Speech and language issues in patients with Craniosynostosis
Speech and language therapists are important members of the craniofacial surgery service at the Children’s Hospital at Westmead. This is because studies have shown that problems with speech and language development are common in kids with craniofacial conditions.
One of the most common conditions we treat in our Craniofacial Unit is “craniosynostosis”. This is where the bones of the skull have fused early. This early fusion can not only affect the shape of the skull as it grows, but it can also put pressure on the brain and affect development. Children who have craniosynostosis undergo surgery at a young age in order to improve the shape of the skull and to give the brain room to grow.
In some children, their craniosynostosis is part of a “syndrome”, meaning that there are other problems not just related to the skull bones. These problems might include fused fingers, abnormal jaw growth or problems with hearing. In most of our children with craniosynostosis, their only issue is the fused skull bones – so we describe these patients as having “non-syndromic craniosynostosis”.
A recent study out of Children’s Hospital of Pittsburgh looked at speech and language problems in patients with non-syndromic craniosynostosis. They found that over half of the children with non syndromic craniosynostosis had abnormalities speech and language development and that around one third needed to see a speech and language therapist.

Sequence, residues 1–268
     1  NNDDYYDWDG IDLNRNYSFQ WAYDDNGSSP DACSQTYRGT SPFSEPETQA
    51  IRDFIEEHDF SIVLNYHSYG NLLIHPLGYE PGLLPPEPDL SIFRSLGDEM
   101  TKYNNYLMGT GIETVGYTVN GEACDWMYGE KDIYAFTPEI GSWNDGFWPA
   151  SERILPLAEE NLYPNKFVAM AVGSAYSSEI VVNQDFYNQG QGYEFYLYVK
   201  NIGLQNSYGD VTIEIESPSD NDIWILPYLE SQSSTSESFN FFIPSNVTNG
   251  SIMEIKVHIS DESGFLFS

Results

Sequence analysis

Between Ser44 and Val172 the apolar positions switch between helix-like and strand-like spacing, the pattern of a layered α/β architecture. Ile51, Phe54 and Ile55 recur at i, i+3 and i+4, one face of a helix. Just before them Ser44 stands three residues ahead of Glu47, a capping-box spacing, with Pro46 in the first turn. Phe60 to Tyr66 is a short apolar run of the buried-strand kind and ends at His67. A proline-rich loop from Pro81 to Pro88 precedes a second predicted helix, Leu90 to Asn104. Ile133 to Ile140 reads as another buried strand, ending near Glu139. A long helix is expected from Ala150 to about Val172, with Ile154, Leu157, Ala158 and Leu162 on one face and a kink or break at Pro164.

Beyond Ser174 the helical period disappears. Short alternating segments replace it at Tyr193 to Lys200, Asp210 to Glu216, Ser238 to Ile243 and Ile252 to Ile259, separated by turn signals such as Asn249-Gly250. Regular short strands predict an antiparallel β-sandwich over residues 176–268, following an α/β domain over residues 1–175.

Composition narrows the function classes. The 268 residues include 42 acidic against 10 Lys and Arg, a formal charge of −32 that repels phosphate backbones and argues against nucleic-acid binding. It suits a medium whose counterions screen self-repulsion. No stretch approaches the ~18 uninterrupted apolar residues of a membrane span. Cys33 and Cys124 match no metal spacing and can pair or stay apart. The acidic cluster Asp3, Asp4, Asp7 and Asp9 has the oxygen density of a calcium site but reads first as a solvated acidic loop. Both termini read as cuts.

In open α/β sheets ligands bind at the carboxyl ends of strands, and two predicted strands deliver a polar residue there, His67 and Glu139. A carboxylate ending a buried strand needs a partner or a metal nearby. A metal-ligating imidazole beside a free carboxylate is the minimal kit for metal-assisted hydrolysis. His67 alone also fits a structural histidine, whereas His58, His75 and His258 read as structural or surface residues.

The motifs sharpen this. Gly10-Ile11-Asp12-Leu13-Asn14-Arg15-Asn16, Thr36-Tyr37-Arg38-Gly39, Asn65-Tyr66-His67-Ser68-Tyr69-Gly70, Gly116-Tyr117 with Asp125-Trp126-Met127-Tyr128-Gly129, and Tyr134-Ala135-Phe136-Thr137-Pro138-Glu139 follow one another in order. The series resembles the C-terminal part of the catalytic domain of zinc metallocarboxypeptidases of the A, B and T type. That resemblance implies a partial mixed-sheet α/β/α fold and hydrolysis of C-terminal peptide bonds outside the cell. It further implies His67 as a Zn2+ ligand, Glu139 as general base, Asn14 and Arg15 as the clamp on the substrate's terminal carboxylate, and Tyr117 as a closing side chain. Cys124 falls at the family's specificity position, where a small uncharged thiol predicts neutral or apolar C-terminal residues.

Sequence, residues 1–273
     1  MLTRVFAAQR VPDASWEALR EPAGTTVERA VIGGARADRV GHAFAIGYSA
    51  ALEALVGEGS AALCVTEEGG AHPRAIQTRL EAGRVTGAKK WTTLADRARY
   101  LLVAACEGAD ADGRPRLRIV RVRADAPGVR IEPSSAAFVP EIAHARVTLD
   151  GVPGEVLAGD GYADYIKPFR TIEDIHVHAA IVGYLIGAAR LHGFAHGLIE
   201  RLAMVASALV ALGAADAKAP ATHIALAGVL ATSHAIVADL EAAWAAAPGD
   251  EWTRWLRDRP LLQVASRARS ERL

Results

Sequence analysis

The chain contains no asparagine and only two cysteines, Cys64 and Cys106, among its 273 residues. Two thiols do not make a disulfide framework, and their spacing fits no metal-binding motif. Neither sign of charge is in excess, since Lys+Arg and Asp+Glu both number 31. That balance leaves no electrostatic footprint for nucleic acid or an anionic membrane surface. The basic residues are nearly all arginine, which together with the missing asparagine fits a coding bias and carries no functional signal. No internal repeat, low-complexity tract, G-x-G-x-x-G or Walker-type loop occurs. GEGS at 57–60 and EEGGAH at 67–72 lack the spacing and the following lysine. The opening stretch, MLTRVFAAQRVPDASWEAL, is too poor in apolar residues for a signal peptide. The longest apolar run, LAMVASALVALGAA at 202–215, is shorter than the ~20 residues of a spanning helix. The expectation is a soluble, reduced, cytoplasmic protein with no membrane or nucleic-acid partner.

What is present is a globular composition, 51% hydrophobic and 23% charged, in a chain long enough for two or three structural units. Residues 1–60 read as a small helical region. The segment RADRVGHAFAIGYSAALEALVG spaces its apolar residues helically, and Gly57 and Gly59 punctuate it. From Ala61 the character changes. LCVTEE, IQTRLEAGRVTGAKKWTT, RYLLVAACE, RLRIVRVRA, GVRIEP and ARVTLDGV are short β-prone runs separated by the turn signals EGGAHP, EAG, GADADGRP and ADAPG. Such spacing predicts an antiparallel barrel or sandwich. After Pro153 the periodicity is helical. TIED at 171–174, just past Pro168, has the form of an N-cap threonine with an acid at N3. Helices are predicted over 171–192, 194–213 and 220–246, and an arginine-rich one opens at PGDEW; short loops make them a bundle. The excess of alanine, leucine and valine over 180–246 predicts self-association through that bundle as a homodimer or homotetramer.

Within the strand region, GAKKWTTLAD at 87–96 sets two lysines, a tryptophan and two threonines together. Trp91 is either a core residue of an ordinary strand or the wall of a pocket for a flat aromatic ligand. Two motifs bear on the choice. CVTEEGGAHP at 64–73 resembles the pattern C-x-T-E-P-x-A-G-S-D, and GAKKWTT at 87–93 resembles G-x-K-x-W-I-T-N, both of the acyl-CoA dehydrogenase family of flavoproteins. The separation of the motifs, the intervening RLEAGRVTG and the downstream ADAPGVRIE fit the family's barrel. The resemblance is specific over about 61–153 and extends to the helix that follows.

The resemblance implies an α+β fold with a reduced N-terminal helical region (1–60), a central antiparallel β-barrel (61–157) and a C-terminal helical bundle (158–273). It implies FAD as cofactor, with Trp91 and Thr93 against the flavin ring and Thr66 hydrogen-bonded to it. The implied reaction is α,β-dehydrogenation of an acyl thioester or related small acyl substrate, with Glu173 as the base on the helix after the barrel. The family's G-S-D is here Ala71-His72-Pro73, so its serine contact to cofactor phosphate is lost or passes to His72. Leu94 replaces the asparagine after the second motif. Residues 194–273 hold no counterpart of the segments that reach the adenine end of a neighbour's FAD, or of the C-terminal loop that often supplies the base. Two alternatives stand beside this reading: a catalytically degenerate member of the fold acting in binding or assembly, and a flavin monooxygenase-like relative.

The cause of these speech and language delays isn’t known. It is possible there are differences in the way sounds are processed in children with craniosynostosis. What is known is that early intervention with speech and language therapy can make a big difference to a child’s development later on.
The Craniofacial Unit at the Children’s Hospital Westmead is a busy craniofacial surgery centre servicing Sydney and greater New South Wales. We have a number of specialists involved with our clinic – including expert speech and language therapists. Our goal is to identify and treat any issues with speech and language development as soon as they become apparent.